How early should I get there?

Arrive early, just like you would for a flight! It’s even more important because you’ll likely get lost and have to ask for help a few times. The biggest thing I learned about China? Take the time you think it’ll take to do something and double it. It’s pretty clear once you get inside where to wait for your train, but if not you can show any staff member your ticket and they’ll direct you.

On the Train

What kind of ticket should you book?

Based on what ticket you booked, your train experience will be completely different. There are four kinds of tickets, going from least expensive to most expensive: hard seat, soft seat, hard sleeper, soft sleeper. I booked a hard seat from Datong to Beijing because it was so short, which I fully regret. Luckily my train was quite empty, so I curled up on my seat and got maybe 2 hours of sleep. However, the only other people in my car were middle-aged men fascinated by the Western girl travelling alone, so I kept waking up to men staring at me. While I certainly never felt unsafe, it was a bit weird! The train ride was fine, but for 9 dollars more I could have gotten a bed. I simply wanted to experience what a hard seat was like, but I’m not glad I did!

The rest of my train trips were on hard sleepers, which was a much more pleasant experience! These cars consist of dozens of compartments, each with 6 beds. Your ticket will specify whether you have the top, middle or bottom bunk, but only in Mandarin so I always just asked someone! By asking, I mean that I pointed at my ticket and then pointed at the beds with a questioning look on my face: worked like a charm. The pillows and blankets are changed after every train trip, which means that if you don’t get on the train at the very beginning of its trip you might be sleeping in someone else’s used bed. Luckily, this didn’t happen to me! My biggest problem with hard sleepers was the lack of privacy, but you can get that if you’re willing to pay astronomically for a soft sleeper.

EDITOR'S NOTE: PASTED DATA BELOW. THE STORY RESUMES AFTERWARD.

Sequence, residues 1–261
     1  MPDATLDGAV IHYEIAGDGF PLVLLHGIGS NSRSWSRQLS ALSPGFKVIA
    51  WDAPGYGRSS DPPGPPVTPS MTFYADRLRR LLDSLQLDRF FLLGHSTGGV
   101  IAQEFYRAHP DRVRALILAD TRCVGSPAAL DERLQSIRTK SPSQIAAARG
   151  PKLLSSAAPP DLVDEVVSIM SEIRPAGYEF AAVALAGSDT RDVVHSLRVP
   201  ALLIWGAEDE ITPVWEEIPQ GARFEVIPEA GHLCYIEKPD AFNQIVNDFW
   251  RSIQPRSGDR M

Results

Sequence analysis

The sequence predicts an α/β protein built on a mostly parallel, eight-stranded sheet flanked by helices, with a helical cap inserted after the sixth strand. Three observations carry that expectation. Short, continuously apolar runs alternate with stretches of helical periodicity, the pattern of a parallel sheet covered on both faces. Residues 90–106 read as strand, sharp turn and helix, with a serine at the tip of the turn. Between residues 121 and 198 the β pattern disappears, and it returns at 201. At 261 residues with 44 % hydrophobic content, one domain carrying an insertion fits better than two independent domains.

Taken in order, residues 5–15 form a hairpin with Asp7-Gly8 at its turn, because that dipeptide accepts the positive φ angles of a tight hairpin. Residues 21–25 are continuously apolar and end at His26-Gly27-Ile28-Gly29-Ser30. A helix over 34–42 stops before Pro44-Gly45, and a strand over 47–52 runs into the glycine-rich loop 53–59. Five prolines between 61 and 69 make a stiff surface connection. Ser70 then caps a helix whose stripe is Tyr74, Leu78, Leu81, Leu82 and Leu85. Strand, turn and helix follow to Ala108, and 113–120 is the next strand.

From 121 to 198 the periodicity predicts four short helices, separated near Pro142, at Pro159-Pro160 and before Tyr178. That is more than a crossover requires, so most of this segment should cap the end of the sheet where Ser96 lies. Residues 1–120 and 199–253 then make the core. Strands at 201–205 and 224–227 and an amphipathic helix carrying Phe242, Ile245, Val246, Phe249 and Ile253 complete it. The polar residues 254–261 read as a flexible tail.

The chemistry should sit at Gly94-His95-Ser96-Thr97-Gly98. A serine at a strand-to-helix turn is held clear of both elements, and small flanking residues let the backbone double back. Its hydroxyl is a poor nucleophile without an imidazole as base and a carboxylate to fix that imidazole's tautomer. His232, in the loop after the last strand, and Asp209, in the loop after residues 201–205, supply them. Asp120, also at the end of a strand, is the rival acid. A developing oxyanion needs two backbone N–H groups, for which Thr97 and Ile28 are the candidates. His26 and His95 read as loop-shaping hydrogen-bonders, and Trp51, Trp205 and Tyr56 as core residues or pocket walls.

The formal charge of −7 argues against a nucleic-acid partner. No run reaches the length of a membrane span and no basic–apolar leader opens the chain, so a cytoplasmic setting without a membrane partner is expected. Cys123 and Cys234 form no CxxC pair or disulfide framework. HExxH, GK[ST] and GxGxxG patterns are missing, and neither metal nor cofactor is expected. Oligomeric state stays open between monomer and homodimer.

I slept shockingly well on both of my hard sleeper train rides. I had a bottom bunk both times, which I didn’t really like: I would probably go for a top bunk just for privacy’s sake. I avoided using the revolting squat toilets that were the only facilities on board, so I was just huddled in my bed most of the time anyway. A top bunk, or even middle, would be much more private.

Can I get food on the train?

As I read before my trip, food carts come by every half hour or so, but I never got anything. The servers didn’t speak any English and I couldn’t tell what anything was or how to eat it, so I panicked and stayed hungry. I would recommend bringing food on board if you are picky or have any dietary restrictions!

How do you know when to get off?

At the stop before you have to get off, an attendant will come by and take your paper ticket, exchanging it for a plastic card-size thing that’s only in Mandarin. This means you will be getting off at the next stop! Most of the attendants spoke just enough English for me to ask what time we’d be at my stop. I was really pleased with this, since knowing when to get off was one of my biggest concerns! Rest assured they’ll let you know.

(Note: Excuse the low quality pictures – I didn’t feel comfortable getting out my camera to take pictures of my trains)


Leave a Reply

Your email address will not be published. Required fields are marked *